May 14, 2001
-- Martin E. Marty
Public religion in the American setting poses the issue of proselytizing, especially with respect to providing government funds to faith-based organizations that might use that money to convert the people served. Arguments about this subject rage daily.
They are mild compared to those arguments concerning public religion and proselytizing in the global arena. There "evangelization" is a seldom used word because of its Christian ring and its mild connotations. "Proselytization" is more aggressive, more threatening to believers whose settled cultural and religious communities get disrupted by would-be converters.
To some, the problem would be solved if either religion disappeared, which it shows no signs of doing, or the passion to convert others dissipated, which it shows few signs of doing. Jimmy Durante once asked, "Why doesn't everyone let everyone else the hell alone for five minutes?" Believers in universalism in its many forms or apathetic believers do let others alone, but many Christians, Muslims, adherents to Eastern religions and "New Religious Movements" (Jews and Zoroastrians sit this one out) cannot sit on their hands, shut their mouths, and leave others alone. At worst these evangelistically inclined believers come across as arrogant; at best they come across as well-intentioned as they try to save others from eternal destruction.
John Witte at Emory University Law School is our reigning expert on international proselytism (having directed an extensive Pew-funded project on the subject), and he has edited book-length materials on it. We've been impressed by a new piece in Fides et Libertas (2000) entitled "A Primer on the Rights and Wrongs of Proselytism."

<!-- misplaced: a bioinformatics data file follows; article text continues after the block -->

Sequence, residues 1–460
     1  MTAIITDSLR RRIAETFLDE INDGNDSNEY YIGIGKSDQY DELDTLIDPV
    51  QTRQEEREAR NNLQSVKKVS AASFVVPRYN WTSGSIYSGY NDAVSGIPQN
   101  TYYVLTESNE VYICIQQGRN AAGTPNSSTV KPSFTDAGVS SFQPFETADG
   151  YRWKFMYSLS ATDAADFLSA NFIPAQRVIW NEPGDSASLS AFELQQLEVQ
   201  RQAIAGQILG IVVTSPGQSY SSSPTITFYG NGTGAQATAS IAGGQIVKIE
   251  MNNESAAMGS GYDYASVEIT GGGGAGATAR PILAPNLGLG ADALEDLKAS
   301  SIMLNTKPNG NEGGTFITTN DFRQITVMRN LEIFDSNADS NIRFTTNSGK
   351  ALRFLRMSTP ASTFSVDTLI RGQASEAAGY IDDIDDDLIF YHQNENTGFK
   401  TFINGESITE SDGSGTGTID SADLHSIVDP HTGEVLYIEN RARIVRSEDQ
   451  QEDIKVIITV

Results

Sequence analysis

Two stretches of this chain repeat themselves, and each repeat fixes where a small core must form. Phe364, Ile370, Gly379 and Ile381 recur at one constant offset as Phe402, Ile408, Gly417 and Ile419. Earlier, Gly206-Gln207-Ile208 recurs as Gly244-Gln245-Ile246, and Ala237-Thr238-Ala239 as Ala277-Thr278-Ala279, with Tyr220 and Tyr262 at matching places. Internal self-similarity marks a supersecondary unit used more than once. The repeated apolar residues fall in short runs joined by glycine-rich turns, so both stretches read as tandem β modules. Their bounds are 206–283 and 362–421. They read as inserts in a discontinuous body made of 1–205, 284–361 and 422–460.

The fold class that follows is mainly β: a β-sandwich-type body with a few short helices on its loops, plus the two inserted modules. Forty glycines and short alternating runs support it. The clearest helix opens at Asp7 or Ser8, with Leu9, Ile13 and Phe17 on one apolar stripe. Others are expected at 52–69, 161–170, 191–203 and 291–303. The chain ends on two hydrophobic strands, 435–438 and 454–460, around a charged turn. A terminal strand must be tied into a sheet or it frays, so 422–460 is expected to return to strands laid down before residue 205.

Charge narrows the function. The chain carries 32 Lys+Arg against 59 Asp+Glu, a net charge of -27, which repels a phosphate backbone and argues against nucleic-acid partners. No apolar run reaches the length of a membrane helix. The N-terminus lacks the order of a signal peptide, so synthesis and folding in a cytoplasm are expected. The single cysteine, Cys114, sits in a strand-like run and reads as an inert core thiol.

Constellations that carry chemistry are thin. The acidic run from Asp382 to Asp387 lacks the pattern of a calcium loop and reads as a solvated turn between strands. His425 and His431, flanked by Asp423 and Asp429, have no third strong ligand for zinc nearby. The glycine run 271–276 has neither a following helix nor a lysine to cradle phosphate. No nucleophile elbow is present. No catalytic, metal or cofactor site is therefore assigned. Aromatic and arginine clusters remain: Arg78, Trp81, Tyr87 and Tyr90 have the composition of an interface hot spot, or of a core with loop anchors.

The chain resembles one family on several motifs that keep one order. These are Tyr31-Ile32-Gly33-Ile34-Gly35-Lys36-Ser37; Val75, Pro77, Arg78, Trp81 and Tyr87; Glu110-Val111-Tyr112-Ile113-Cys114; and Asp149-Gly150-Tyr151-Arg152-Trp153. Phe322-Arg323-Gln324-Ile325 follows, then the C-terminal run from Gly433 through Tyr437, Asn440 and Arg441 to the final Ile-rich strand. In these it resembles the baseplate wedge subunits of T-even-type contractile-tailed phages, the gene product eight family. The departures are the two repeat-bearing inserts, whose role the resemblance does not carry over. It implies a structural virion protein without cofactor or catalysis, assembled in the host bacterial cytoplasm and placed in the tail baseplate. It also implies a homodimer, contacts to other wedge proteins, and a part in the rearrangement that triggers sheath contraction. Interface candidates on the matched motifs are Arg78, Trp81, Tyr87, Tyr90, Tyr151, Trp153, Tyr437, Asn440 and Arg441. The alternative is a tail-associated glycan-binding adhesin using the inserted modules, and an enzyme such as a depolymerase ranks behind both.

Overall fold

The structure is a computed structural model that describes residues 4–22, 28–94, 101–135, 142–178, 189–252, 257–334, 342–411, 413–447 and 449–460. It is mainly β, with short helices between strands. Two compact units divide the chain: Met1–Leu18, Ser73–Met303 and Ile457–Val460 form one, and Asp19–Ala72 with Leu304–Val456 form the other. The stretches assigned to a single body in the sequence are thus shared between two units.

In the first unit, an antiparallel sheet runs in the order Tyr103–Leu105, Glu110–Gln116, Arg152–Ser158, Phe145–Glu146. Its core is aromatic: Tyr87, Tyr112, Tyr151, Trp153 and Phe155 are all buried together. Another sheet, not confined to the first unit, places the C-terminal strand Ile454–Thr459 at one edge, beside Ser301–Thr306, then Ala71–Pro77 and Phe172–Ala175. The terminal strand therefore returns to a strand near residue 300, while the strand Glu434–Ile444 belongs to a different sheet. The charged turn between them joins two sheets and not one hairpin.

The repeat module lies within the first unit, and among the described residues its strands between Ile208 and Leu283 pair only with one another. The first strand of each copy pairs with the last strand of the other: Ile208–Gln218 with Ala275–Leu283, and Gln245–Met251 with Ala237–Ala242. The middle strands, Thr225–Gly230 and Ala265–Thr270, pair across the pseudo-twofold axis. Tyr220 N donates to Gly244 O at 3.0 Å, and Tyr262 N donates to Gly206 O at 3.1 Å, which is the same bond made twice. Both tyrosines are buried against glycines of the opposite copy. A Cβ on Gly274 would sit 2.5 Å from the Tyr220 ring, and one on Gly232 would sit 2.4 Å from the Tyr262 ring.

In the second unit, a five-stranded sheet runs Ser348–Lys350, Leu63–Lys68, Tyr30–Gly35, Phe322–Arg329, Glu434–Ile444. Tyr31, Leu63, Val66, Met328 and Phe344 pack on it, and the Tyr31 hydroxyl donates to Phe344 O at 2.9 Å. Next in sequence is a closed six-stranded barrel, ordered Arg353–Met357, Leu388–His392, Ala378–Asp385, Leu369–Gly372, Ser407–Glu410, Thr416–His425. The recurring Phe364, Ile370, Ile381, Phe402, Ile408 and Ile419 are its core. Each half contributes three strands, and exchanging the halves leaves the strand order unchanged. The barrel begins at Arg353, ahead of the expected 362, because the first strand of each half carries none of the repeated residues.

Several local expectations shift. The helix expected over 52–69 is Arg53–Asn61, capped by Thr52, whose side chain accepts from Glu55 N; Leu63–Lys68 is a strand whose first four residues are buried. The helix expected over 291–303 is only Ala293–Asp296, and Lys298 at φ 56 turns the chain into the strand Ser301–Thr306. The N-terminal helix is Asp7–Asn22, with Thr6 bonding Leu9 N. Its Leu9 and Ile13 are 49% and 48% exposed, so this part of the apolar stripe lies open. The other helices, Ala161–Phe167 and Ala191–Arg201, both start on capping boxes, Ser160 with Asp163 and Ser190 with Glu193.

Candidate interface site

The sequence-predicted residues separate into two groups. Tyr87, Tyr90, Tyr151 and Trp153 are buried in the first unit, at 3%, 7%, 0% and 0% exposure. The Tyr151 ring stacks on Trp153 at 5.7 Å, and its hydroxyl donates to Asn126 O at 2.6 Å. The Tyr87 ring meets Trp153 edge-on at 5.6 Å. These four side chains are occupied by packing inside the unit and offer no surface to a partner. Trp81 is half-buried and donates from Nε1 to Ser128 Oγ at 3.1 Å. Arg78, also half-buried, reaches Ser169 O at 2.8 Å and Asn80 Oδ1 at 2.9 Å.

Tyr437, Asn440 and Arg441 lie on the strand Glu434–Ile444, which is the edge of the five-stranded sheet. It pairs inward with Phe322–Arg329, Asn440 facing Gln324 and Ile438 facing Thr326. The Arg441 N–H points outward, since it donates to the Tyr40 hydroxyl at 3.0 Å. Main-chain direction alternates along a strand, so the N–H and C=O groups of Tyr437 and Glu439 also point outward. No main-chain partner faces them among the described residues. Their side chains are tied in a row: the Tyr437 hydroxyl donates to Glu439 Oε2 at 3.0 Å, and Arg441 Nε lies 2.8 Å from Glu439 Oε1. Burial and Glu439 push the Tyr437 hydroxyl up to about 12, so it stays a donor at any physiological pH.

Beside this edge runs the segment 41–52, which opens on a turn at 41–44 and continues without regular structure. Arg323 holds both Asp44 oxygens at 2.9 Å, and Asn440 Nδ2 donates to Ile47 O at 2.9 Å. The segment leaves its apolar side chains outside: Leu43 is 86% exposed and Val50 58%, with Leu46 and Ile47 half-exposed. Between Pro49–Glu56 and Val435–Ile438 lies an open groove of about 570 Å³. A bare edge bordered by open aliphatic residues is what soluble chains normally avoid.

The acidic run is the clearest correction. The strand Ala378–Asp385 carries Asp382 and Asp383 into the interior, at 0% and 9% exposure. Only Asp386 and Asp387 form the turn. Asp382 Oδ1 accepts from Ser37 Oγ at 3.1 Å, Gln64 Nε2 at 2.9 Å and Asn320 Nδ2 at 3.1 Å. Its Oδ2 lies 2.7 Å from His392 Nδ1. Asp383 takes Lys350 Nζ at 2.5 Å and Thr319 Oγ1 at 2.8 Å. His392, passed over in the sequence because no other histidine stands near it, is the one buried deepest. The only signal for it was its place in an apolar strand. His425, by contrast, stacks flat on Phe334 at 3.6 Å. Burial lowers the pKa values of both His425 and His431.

Witte there deals with the ironic, surprising, late-twentieth-century boom in religion of passionate, conversionist sorts. He poses governmental questions: "How does the state balance one community's right to exercise and expand its faith against another person's or community's right to be left alone to its own traditions?" The major international human rights instruments breathed the spirit of the 1948 Universal Declaration of Human Rights, but they are being challenged and tested now.
Witte urges that "the preferred solution to the modern problem of proselytism is not so much further state restriction as further self-restraint on the part of both local and foreign religious groups." Is this realistic or utopian? He worries about "missionary mavericks and 'drive-by' crusaders," hears pleas for a moratorium on proselytizing, and ends, perhaps too hopefully: "Moratoria on proselytism might provide temporary relief, but moderation by proselytizers and proselytes is the more enduring course."
The problem is that aggressive converters are by nature immoderate. The issue seems to be insoluble but addressable, and Witte addresses it sanely.